White supremacists are preparing for their biggest rally in at least a decade, set to take place in Charlottesville, Virginia, on Saturday. Although Unite the Right is ostensibly about protesting the removal of a Confederate statute from a park, it's also a big test for the alt-right movement. Though there have been some recent far-right gatherings in cities like Berkeley, IRL rallies are the exception rather than the rule. Mostly the alt-right exists in the form of memes and online communities like 4chan and extremist Discord channels.
It's one thing to spread Pepes on Twitter, and a completely different thing to appear at a rally where a newspaper might snap a picture of you and label you a neo-Nazi. So it's no wonder that the figures behind Unite the Right are worried that their followers might not show up this weekend for their big day out.
What's more, they're worried that even if they do, they'll look like a bunch of basement-dwelling Redditors as opposed to the kind of Ubermensch they purport to be when posting from their Discus accounts.
To that end, Andrew Anglin, who runs the popular hate site Stormfront, published a truly astounding blog post today that explains how the movement he helped build should market itself on its big day out. In it, he begs supporters to look "appealing" and "sexy" and "hip" and "dangerous" for their IRL debut.
"That means you have to go to the gym," he writes in his PSA.
He continues with useful advice on topics such as how to put on a T-shirt.
The worst look ever is a baggy T-shirt. Wear fitted T-shirts, where the sleeve goes to the middle of your bicep. It should not hang lower than base of your member.
It should be noted that Anglin also includes a blurry selfie taken in a fitting room to illustrate what a white button-up and pants look like.
Jean [sic] should also be fitted. Not tight, just fitted. In the photo those are actually shorts – I would not wear pants that loose-fitting. And that's another thing: don't ever wear shorts. Serious men in serious situations are not wearing shorts.
Americans have an obsession with this baggy stuff, and it always looks bad. No matter what, it looks bad. Even if everyone else is doing it.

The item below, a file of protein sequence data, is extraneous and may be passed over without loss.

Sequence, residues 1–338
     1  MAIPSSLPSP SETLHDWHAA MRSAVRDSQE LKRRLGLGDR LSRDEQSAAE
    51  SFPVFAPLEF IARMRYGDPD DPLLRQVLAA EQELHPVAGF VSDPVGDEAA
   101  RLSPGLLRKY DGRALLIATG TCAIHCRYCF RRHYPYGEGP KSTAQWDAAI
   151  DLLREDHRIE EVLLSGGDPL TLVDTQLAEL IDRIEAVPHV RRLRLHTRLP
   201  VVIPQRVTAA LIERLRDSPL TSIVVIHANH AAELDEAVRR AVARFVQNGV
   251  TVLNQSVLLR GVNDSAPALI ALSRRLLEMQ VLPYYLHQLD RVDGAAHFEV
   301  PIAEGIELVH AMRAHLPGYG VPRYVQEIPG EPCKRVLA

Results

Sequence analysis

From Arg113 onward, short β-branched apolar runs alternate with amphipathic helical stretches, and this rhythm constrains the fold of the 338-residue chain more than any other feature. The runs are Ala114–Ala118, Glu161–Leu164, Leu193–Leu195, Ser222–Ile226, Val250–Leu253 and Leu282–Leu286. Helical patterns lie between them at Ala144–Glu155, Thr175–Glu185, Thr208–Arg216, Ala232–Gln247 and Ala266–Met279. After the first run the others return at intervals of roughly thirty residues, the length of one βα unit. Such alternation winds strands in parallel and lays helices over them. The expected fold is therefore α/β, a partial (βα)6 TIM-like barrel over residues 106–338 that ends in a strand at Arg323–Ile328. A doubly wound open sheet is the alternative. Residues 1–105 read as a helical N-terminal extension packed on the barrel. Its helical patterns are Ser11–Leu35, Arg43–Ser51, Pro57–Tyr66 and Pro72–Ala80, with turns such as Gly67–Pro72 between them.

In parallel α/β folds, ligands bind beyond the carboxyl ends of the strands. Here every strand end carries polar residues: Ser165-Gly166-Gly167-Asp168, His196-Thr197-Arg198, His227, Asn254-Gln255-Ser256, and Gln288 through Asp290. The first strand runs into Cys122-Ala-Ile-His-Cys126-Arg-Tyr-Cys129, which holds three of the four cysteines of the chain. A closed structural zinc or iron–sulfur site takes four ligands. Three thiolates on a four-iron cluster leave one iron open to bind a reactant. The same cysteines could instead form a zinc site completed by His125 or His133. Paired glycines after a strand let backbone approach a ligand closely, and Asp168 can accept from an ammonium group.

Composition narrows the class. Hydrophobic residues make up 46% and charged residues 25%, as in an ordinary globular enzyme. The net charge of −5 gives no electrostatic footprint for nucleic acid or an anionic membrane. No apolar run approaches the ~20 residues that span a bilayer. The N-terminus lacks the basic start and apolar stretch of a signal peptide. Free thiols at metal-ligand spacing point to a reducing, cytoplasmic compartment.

Anglin goes on to talk about how he wants to attract "normal" people but says that it's inevitable that abnormal people will be attracted to white nationalism. Here's how he suggests dealing with that:
Fat people should be allowed to join groups and be involved in rallies, but we need to create a culture where we don't necessarily shame people, but do look at them and expect them to get it together. We should help people get it together. I'm working on my biggest diet guide ever, which I think will help the overweight and skinny alike, even if they've minimal time for exercise.
Continued obesity should not be tolerated.
Surely, a lot of our target demographic is going to be out of shape, which is why we need a culture of fitness. People should go to the gym together. Help each other with diet.
Do not look scraggly. I won't tell you how to cut your hair, but I do believe men's hair looks better short, and beards look better well-trimmed.
Anglin also cops to having "problems with women." All of this advice is addressed to men, and he assumes that his audience is 100-percent male. ("We need to keep women on the sidelines. Not speaking, not leading, and with no official membership in anything.") But he wants to attract women, and suggests that buying a fitted shirt and getting ripped will not only score his crew political clout, but get them "groupies":
It is very important to look good.
We must have Chad Nationalism. That is what will make guys want to join us, that is what will make girls want to be our groupies. That will make us look like bad boys and heroes. That is what we are going for here.
I cannot stress the point hard enough – I'm hitting italics again – we need to be extremely conscious of what we look like, and how we present ourselves. That matters more than our ideas. If that is sad to you, I'm sorry, but that is just human nature. If people see a bunch of mismatched overweight slobs, they are not going to care what they are saying.
Activists and experts estimate that as many as 4,000 black-clad antifa will square off with about about 500 far-right extremists during Unite the Right. It remains unclear what the latter will be wearing, though Anglin seem to think that clothes—and alt-right sympathizer's ability to not look like complete nerds—will make or break the movement.
"We simply must be cool," he stresses. "The importance of that really does need to be drilled into people's heads."
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